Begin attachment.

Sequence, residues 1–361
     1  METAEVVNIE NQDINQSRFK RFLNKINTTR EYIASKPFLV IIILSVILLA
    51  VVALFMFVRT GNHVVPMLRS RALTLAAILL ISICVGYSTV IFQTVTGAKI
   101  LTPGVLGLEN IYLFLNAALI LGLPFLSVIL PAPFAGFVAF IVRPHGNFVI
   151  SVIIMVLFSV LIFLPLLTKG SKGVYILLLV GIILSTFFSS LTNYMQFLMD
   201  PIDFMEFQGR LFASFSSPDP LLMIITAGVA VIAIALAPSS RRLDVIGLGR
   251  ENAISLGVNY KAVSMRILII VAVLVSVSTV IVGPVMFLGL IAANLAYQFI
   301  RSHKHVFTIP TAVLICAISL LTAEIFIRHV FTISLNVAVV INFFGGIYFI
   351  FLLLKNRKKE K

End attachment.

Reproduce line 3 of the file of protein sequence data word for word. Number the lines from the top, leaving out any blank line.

    51  VVALFMFVRT GNHVVPMLRS RALTLAAILL ISICVGYSTV IFQTVTGAKI